A Heart of Darkness
(7) His mouth is filled with curses, deceit, and oppression. Under his tongue are mischief and evil. (8) He lies in wait near the villages. From ambush he murders the innocent. His eyes secretly watch for the helpless. (9) He lies in wait secretly like a lion in his den. He lies in wait to seize the poor. He seizes the poor when he draws them into his net. (10) The helpless are crushed, bowed down, and fall by his strength. (11) He says in his heart, “God has forgotten. He has hidden his face. He will never see it.”
This segment of Psalm 10 furnishes us with a vivid analysis of the behavior of the wicked. In the opening and closing verses, the psalmist considers what an evil person would say and think (vss. 7 & 11). In the middle three verses, he describes how an evil person acts towards his victims (vss. 8-10).
Five negative synonyms describe how the wicked talk: with cursing, lying, oppression, mischief, and evil (vs. 7). Later, the psalmist describes how the wicked think, summed up in the phrase, “God will never hold me accountable” (vs. 11). As to behavior, the psalmist compares the wicked person to a lion hunting his prey. Note the dramatic progression as the scene unfolds. First, we see him hidden and watching, waiting to ambush the helpless (vs. 8). In the following verse, the psalmist uses repetition to heighten the dramatic effect: “He lies in wait, he lies in wait to seize the poor...he seizes the poor” (vs. 9). Finally, three vivid terms show us what results. “The helpless are crushed, bowed down, and fall” (vs. 10).
I. What the wicked person says (7)
II. How the wicked person acts (8-10)
III. What the wicked person thinks (11)
From evil hearts that disregard God come evil words and actions that damage and destroy like a lion attacking its prey.
For those who know the Lord, who have been cleansed of their sin and are indwelt by the Holy Spirit, it can be difficult to imagine or remember what goes on in the hearts of the wicked. Those who have been saved out of lives of rebellion and alienation have put those dark days far behind them. Paul sought to remind the Ephesians what alienation from God looks like: “You were dead in your transgressions and sins, in which you used to live...gratifying the cravings of (your) sinful nature and following its desires and thoughts” (Eph. 2:1 & 3). The psalmist helps us remember that the wicked are virtual atheists, either excluding God from their thoughts (vs. 4) or thinking him to be too distant and too indifferent to notice the evil that they do (vs. 11). Out of such thinking arises beastly behavior (vss. 8-10). Like a lion, the wicked seem concerned with only one thing, satisfying their own cravings at the expense of others.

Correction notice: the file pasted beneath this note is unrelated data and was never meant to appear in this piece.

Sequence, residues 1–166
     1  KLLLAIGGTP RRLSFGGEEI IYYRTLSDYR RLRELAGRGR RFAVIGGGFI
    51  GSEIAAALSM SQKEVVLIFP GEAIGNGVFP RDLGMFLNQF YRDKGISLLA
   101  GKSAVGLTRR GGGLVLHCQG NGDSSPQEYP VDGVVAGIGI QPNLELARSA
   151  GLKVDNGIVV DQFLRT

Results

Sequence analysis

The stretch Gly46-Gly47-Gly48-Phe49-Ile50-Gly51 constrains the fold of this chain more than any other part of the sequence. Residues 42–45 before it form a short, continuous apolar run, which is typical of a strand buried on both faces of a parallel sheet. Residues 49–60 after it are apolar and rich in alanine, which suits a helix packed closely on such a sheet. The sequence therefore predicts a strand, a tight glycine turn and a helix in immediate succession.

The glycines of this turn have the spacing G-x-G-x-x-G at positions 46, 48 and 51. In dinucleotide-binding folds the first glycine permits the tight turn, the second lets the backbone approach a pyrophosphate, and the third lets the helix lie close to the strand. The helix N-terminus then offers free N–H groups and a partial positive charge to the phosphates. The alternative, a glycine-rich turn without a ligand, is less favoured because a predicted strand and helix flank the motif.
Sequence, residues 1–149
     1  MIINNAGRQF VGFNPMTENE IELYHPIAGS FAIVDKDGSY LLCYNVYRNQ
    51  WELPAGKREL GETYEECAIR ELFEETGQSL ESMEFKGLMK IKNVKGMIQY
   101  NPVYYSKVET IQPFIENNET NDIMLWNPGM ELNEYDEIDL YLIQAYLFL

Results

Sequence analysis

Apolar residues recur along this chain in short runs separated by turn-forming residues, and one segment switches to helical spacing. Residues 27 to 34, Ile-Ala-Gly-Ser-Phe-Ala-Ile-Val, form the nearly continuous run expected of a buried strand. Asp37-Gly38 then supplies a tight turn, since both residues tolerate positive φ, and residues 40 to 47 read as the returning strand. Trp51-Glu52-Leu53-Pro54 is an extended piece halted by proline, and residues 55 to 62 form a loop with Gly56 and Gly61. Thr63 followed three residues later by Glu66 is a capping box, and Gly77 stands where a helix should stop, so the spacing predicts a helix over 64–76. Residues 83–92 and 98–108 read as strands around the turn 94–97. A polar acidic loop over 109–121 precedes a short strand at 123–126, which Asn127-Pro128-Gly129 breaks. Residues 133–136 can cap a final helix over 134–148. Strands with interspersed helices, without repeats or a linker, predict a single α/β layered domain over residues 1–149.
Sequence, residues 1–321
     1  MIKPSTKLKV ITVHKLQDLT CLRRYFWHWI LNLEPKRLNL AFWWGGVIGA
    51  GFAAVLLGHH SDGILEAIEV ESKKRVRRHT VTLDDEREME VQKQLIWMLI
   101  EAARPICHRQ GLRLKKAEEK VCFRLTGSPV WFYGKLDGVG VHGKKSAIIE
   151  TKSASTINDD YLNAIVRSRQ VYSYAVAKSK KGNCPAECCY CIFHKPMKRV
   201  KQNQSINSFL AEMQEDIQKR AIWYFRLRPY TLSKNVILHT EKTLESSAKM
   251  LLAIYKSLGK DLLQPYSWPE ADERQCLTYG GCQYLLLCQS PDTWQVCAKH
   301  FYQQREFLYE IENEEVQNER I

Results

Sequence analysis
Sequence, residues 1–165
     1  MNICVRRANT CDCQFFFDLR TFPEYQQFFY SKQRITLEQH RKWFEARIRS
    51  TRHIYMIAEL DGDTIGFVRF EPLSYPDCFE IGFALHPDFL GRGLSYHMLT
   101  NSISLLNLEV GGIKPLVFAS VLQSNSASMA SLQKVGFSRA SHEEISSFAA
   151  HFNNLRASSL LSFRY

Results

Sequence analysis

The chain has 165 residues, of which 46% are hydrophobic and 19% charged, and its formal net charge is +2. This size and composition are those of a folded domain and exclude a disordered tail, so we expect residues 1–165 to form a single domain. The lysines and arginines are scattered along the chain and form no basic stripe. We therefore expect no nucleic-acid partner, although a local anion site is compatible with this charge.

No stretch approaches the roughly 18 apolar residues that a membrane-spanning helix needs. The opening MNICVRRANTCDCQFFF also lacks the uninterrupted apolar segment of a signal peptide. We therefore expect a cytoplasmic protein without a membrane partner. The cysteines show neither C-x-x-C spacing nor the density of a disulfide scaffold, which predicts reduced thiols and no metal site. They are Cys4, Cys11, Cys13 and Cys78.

What kind of response should such images produce in the hearts of those who know the Lord? In the animal world, the typical reaction to aggressive behavior is briefly described as “fright and flight.” We humans likewise have a tendency to become fearful and cautious, taking whatever steps we can to avoid such predators. However, when we consider how miserable and conflicted an existence far from God can be, our response should be modified to include compassion and concern for those who are so clearly alienated from their creator and isolated from their fellow human beings. While it may seem that the beastliness of the wicked can never be transformed into something beautiful, we should remember that no one is beyond God’s redeeming grace. Instead of reacting with fright and flight, we should respond with prayer, strategizing how we might show the grace of God to those who certainly do not deserve it but who desperately need it. Who knows how a gentle, loving response to the animosity of an evil person might be used by our gracious God to turn a savage into a saint?